I remember hearing about Yamato: Drums of Japan from my cousin Miel a few years back. Japan Foundation Manila invited them for a performance and she was able to attend. I’ve been wanting to see them but I somehow keep missing the schedule and ending up hearing about it after the event.
Thankfully, through the power of social media, I was able to learn about it early on. I called JFMO to reserve some seats for tonight’s performance (July 10) and dragged various family members to go with me. Partners in crime: my sister Oski, Miel and her boyfriend Vero. Did I mention that this is for free?
Yamato, or Wadaiko Yamato is a performing group of taiko drummers formed in 1993 by Masa Ogawa in Nara, Japan. Ogawa was originally part of another wadaiko group but left to form Wadaiko Yamato. Initially, the group had ten members, five men and five women. While it wasn’t unusual for women to play in such a group, the female members of the Wadaiko Yamato play the same drums as the male members.
In an interview with BBC some years ago, Ogawa said that Japanese drums have a similarity to African drums, where they were used mainly for communication either amongst the people or to their gods and ancestral spirits. Western drums are mostly instrumental in fuction. Wadaika Yamato tries to combine both. (You can read more about the interview with Ogawa here)
We arrived just minutes before the performance began. There was already a huge crowd inside so even if we had reserved tickets, we weren’t able to get seats. No matter, since Sky Dome’s structure made it possible to view the stage from any angle (so long as someone doesn’t stand in front of you). Flash photography was prohibited, although there were marshals asking people not to take pictures at all. After I got told off after taking several pictures, I turned it off.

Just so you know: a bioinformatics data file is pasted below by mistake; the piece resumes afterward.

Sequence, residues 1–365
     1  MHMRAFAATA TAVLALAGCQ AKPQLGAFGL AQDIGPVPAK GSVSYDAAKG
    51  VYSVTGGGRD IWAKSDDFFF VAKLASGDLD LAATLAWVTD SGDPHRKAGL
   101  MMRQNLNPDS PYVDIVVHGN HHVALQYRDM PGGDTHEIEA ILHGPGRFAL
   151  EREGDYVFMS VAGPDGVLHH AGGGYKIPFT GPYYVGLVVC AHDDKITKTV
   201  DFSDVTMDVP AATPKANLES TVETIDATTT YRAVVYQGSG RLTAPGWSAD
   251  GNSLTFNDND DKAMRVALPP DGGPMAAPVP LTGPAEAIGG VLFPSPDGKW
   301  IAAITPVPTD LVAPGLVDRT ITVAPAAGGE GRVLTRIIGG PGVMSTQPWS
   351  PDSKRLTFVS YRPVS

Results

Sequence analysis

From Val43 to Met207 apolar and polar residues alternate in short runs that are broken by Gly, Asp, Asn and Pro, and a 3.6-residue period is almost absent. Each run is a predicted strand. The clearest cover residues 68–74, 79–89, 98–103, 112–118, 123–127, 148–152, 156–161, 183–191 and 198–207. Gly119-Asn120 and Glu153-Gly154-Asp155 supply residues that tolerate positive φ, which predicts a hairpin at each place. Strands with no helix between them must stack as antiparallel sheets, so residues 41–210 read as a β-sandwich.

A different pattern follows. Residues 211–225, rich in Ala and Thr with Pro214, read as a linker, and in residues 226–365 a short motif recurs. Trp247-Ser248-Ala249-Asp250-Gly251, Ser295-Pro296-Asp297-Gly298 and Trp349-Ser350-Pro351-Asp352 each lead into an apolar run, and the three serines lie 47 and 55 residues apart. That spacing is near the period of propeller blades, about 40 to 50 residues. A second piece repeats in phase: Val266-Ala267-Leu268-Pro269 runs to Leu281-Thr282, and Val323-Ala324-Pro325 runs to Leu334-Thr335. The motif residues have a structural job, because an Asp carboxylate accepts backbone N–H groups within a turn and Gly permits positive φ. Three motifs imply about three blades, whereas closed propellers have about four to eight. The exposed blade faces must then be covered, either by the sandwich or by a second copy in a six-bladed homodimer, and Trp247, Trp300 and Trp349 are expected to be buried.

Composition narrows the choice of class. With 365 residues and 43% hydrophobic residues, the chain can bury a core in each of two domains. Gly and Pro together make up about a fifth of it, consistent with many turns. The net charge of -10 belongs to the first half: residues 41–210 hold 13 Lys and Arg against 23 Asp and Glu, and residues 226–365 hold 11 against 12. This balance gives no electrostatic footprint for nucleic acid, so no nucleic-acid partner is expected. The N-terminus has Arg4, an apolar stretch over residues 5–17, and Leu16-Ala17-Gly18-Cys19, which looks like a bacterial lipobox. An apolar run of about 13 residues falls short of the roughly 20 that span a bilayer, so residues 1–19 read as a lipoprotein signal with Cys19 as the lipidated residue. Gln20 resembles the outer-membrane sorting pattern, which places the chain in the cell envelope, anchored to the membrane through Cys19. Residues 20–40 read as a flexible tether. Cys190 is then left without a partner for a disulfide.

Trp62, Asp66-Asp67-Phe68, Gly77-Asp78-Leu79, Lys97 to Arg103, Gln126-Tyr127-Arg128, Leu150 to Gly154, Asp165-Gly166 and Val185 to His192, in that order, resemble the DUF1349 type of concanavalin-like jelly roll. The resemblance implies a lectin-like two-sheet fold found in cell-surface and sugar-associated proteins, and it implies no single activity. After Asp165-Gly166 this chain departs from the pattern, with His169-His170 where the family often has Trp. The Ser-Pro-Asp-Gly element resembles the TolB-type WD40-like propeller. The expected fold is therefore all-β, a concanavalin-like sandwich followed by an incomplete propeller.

It’s not my first time to hear a taiko performance, but obviously, it was my first time to hear them live. The first strike of the drumstick on the surface of the drum is unforgettable. It reverberates deep down, you just don’t hear it, but feel it as well.
For nearly two hours, we were treated to a world class performance by excellent artists. It wasn’t just a musical experience, but also a visual one. The Yamato performers moved along with the beat of their instruments, and even had entertaining skits that had the audience laughing and participating.
It wasn’t just all drums too. One of the performances had the female members all playing shamisen, a three-stringed guitar-like instrument that is played with a bachi (think of big guitar pick). Another performance had the male members playing with small cymbals, while in their encore number, one of the female players had a flute.
Watching them perform would give you an idea that it wasn’t just a matter of hitting the drums. For one, the muscles on the drummers’ arms would tell you that it takes a lot of effort. Each member, including the females, would definitely need to have have strong arm muscles to be able to play tirelessly for nearly two hours. And it wasn’t just the arms. They moved around the stage, jumping and dancing. Sometimes they’d carry the drums around while playing them. I tell you, the energy that’s flowing from them will make you feel like you’ve performed as hard as they have after the show.
I’m stoked that I was able to get the chance to watch them. If they come back, I’ll definitely go see them again.